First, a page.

The legal fight over Minneapolis’ sick-leave ordinance continued Tuesday before the Minnesota Court of Appeals with lawyers for the city and a group of businesses arguing over the reach and implementation of the new requirements.

Judges Randolph W. Peterson, Jill Flaskamp Halbrooks and Tracy M. Smith heard oral arguments from the city and the business group, led by the Minnesota Chamber of Commerce, which challenged the ordinance in Hennepin County District Court last year, saying state law pre-empts a municipal ordinance.

The ordinance went into effect July 1 and requires employers to allow employees working in Minneapolis to earn one hour of paid sick leave for every 30 hours worked, up to 48 hours a year.

In January, District Court Judge Mel Dickstein ruled the city could move forward with the ordinance, which the Chamber appealed. Dickstein also said the ordinance could not apply to companies based outside of Minneapolis, which the city appealed.

The parties’ arguments hadn’t changed as of Tuesday.

Chris Larus, a partner at Robins Kaplan, argued on behalf of the Chamber that state law already covers various types of leave, including sick leave, and thus prohibits the additional requirement on businesses of a municipal sick-leave ordinance. City Attorney Susan Segal argued there is no conflict between state law and the ordinance.

“We thought the argument went well and the judges asked good questions and were well prepared,” Segal said Tuesday after the hearing.

The city’s rules for applying the ordinance have been firmed up, Segal told judges. She said sick time can only be accrued for hours of work within Minneapolis, and the ordinance only requires that employees be allowed to use the accrued sick leave for hours of work scheduled within the city.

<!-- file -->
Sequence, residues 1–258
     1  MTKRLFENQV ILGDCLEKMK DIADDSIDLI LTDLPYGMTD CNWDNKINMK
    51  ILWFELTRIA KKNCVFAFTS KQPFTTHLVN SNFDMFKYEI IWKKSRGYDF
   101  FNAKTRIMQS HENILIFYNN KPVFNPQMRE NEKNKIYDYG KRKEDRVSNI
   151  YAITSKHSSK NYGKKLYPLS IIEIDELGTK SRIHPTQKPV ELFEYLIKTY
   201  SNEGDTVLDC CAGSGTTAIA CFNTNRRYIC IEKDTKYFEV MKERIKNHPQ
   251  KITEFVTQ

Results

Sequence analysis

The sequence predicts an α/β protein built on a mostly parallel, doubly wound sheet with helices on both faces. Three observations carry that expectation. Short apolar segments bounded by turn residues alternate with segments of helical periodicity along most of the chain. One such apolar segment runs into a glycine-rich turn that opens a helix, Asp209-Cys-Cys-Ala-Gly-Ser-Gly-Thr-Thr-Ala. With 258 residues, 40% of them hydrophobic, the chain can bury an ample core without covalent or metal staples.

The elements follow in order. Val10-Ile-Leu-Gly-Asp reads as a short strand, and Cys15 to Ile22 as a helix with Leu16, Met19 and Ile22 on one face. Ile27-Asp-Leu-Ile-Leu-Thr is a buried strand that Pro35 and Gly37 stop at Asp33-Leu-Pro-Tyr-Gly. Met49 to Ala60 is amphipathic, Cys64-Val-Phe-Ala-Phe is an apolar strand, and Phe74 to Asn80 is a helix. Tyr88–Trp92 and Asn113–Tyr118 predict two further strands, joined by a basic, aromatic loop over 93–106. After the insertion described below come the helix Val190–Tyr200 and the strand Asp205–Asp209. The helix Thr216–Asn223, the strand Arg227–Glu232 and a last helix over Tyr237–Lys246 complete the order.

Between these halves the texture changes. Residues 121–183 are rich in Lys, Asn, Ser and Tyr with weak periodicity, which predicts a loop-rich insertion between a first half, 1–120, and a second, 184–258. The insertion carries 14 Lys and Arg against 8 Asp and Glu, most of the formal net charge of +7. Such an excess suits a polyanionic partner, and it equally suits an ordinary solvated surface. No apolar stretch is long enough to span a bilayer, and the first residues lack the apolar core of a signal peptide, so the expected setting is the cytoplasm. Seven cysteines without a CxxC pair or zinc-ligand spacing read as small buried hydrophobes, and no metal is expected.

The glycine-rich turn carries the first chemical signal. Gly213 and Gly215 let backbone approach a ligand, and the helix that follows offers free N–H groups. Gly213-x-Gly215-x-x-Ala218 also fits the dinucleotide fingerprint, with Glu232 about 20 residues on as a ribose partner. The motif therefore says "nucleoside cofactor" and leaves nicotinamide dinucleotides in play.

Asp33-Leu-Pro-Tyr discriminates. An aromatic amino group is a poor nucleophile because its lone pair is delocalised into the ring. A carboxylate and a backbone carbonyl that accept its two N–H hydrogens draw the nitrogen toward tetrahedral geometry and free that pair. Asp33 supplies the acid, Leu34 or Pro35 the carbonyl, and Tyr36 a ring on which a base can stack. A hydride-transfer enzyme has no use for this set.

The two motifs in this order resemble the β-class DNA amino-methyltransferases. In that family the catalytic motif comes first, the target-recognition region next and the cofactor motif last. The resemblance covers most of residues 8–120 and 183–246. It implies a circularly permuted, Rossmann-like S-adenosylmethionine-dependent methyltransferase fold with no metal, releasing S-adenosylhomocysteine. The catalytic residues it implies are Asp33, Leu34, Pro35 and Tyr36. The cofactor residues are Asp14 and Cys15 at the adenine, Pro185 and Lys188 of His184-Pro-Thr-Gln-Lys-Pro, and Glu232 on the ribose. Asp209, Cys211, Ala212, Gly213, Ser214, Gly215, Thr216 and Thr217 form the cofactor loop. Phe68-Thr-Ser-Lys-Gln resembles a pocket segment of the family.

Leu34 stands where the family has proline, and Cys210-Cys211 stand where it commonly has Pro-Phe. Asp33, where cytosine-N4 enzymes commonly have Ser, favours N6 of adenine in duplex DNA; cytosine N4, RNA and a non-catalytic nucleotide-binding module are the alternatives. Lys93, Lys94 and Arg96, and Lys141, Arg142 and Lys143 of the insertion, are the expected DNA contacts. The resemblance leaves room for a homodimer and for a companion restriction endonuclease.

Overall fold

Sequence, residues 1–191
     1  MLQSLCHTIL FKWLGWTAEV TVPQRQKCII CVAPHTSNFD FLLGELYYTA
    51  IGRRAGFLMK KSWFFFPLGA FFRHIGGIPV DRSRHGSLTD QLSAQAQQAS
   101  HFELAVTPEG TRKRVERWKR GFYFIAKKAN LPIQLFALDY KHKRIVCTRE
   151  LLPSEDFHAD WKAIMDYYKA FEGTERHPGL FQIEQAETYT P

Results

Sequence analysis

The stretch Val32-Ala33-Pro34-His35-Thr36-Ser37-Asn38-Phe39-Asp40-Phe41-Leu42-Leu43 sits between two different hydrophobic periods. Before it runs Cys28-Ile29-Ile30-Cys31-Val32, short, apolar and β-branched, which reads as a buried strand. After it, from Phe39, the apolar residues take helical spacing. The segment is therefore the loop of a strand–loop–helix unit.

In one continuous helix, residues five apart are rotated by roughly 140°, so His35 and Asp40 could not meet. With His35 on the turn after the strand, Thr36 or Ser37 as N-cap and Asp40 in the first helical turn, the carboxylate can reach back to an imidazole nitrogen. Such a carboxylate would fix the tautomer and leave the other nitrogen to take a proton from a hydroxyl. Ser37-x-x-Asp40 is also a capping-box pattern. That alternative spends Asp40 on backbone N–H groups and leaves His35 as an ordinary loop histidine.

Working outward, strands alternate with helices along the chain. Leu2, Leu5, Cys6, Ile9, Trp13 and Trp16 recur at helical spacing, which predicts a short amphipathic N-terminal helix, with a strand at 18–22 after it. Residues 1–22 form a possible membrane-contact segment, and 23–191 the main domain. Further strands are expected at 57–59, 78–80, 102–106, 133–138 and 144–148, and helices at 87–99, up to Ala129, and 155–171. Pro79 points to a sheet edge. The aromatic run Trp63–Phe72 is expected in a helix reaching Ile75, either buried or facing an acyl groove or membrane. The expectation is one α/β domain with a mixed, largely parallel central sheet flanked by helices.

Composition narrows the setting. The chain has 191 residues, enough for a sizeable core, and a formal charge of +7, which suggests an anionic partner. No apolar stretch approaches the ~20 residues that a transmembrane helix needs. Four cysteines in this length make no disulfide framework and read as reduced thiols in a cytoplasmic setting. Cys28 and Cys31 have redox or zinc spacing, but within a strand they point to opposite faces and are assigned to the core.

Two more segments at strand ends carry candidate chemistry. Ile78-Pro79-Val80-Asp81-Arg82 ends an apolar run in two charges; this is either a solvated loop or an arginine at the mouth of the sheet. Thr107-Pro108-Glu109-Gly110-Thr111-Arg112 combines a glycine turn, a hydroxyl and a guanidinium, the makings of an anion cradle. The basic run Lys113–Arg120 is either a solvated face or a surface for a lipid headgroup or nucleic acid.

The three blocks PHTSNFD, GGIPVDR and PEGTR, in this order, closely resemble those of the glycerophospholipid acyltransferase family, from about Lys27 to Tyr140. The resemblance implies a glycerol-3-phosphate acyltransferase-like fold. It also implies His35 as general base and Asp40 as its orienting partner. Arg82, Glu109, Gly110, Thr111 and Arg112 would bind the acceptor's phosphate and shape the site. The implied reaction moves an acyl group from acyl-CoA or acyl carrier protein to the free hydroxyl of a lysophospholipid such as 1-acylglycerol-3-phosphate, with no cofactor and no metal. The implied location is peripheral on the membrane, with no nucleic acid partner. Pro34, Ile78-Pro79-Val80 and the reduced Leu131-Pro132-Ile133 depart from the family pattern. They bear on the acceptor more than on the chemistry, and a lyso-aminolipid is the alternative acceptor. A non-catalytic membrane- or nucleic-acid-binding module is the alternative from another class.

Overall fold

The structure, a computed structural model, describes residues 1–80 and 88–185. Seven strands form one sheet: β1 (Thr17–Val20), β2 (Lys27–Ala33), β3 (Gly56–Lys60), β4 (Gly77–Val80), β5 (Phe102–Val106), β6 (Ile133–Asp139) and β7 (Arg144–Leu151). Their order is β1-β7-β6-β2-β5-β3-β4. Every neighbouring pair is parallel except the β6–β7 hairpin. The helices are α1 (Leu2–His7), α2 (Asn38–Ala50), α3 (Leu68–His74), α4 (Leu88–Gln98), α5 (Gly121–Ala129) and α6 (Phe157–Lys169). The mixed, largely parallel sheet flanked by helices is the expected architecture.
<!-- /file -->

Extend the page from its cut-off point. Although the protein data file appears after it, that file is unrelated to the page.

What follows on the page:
But that was little comfort to representatives from the Chamber, who argue it’s ridiculous for businesses outside Minneapolis to have to track their employees’ hours in the city and let them accrue sick leave for that time.

“Minneapolis has created such a complex, unworkable mess. They’re now saying, ‘Oh, well, we’ve made this mess a little bit less messy,’ ” said Cam Winton, a lobbyist with the Chamber. “I’m not buying it. The business community’s not buying it.”

St. Paul also has a new sick-leave ordinance that went into effect July 1. A bill at the Legislature that would have pre-empted local labor ordinances was vetoed by Gov. Mark Dayton in May.

A ruling from the Court of Appeals is expected within 90 days.

If the judges uphold the lower court’s ruling allowing Minneapolis to proceed with the ordinance, the Chamber and other businesses suing the city may appeal to the Minnesota Supreme Court, which would then decide whether to take the case.

“If we lose, we appeal,” Winton said.


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